“People are back, asking for more expensive things.” -Joan Morgan, Owner, Dream WeaverJoan Morgan has loved art all her life. She taught art, worked as a potter and, for a time, operated a craft store. Her focus then shifted to clothing as art. In 1986, she opened Dream Weaver, a high-end women’s fashion store, on Martha’s Vineyard. In 1989, she expanded to St. Armands Circle, first in a 1,000-square-foot space, then doubling to 2,000 square feet in 1995. Two years ago, she added another 1,000 square feet for Planet clothing. “The Planet account was doing very well, so we gave them their own area,” says Morgan. She closed the Martha’s Vineyard store 18 months ago and now concentrates on her St. Armands location, where she has a staff of eight people and a coterie of three dogs that Morgan says her customers love.

What’s special about Dream Weaver? I had this vision of having the best art-to-wear store in the country. My customers want things that are wearable but make them stand out in a crowd. These are successful women who want to look a little more edgy than others. They are well traveled and maybe a little older, because it takes time to have the confidence to put yourself out there.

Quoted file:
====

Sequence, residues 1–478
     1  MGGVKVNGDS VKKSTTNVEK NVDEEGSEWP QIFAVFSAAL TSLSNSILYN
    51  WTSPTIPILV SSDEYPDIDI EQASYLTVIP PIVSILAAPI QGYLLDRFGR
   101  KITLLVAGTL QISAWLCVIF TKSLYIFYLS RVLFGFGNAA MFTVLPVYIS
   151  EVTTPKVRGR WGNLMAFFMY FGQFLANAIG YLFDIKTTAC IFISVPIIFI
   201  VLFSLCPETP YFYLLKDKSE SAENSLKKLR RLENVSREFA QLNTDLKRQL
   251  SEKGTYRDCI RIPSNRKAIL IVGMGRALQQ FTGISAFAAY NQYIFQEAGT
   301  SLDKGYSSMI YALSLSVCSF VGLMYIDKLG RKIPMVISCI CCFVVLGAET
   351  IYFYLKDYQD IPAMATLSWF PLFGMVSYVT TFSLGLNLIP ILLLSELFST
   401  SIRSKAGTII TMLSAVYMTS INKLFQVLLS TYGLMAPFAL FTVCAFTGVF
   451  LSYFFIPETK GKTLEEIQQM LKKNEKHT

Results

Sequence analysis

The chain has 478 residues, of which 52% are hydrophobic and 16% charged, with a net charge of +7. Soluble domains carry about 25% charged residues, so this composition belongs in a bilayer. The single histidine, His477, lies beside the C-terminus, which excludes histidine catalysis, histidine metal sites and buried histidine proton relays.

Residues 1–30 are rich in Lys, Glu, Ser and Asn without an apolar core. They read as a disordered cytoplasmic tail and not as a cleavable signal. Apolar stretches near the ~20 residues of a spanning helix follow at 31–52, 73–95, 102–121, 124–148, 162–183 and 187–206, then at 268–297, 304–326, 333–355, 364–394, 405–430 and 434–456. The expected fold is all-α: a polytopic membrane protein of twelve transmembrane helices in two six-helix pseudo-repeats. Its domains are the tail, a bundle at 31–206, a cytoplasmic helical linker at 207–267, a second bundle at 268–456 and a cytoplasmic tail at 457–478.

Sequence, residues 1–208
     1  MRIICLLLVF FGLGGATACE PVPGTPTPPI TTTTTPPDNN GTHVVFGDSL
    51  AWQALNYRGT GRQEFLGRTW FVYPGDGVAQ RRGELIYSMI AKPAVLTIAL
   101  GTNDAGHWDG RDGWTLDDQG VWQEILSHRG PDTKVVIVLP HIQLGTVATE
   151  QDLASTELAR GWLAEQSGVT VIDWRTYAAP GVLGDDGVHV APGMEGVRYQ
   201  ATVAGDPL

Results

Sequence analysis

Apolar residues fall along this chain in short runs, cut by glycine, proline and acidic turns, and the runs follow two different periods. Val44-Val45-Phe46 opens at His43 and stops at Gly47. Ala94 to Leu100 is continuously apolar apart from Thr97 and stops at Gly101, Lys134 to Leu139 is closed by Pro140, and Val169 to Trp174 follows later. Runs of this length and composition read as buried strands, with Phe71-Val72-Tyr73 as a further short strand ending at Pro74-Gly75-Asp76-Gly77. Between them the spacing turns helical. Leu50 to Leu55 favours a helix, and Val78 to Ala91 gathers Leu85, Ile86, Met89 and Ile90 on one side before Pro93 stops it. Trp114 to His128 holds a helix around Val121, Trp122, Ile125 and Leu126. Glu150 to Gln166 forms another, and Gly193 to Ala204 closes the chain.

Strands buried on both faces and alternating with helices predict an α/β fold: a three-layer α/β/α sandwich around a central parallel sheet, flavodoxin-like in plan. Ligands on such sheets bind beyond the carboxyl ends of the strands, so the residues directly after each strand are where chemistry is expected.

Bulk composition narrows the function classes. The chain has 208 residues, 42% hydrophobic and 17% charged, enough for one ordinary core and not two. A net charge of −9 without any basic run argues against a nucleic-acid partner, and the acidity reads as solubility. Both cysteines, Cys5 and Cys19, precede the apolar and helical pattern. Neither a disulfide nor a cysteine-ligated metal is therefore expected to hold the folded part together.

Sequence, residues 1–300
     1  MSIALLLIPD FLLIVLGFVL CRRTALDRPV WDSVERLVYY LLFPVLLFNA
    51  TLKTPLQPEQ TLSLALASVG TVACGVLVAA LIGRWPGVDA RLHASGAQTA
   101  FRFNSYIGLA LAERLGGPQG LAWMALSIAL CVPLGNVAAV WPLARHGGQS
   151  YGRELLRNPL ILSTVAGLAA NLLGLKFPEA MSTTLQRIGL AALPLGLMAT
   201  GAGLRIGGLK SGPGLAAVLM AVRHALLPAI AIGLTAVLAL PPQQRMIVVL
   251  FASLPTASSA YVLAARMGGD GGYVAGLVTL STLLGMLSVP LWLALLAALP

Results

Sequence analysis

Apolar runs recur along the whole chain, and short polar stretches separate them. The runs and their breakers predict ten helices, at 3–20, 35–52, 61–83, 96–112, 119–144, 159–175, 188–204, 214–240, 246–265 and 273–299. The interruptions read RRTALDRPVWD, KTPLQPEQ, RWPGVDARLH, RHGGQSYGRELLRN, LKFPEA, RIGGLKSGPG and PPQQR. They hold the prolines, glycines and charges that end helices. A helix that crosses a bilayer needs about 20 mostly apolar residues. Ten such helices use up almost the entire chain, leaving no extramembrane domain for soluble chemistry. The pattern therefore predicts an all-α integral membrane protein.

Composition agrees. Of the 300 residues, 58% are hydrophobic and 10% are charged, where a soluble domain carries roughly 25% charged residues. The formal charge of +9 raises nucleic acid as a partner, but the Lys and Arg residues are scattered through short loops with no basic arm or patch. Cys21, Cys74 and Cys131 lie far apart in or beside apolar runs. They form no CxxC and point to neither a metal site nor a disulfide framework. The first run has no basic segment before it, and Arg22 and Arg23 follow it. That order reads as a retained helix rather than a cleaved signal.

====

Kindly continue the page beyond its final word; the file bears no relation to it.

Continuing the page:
What’s the price range? People generally spend $500 to $2,000 on an average jacket or sweater or outfit.

How’s business? We had a 25 percent downturn in 2008, but we have steadily increased until we are well over what we were before. We are totally recovered. I’m excited that people are back asking for more expensive and outrageous things.

What do you wear? Narrow black pants and an outrageous jacket, or a pencil dress with a huge scarf and necklace. Generally, I do black with great bracelets and accessories and shoes.

What are you best at doing? Being an artist and seeing beauty in everything. I pick out every piece of garment here, and it has to be beautiful.

Your downfall? I have a messy desk.

Ever make a mistake? Opening a store on Nantucket, which I couldn’t staff properly and had to close. Then opening a store in Palm Beach, which I closed. A store needs constant management, and I just couldn’t run around from one place to another.

Advice to fledgling retailers? Have a vision, a plan and work toward it.

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